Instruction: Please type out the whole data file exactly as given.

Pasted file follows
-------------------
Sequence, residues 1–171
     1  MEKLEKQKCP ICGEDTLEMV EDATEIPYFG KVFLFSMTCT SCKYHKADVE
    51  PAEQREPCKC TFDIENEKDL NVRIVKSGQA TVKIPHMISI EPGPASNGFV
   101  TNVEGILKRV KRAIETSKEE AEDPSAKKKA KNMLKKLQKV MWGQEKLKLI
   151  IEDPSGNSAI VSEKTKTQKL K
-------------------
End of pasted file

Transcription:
Sequence, residues 1–171
     1  MEKLEKQKCP ICGEDTLEMV EDATEIPYFG KVFLFSMTCT SCKYHKADVE
    51  PAEQREPCKC TFDIENEKDL NVRIVKSGQA TVKIPHMISI EPGPASNGFV
   101  TNVEGILKRV KRAIETSKEE AEDPSAKKKA KNMLKKLQKV MWGQEKLKLI
   151  IEDPSGNSAI VSEKTKTQKL K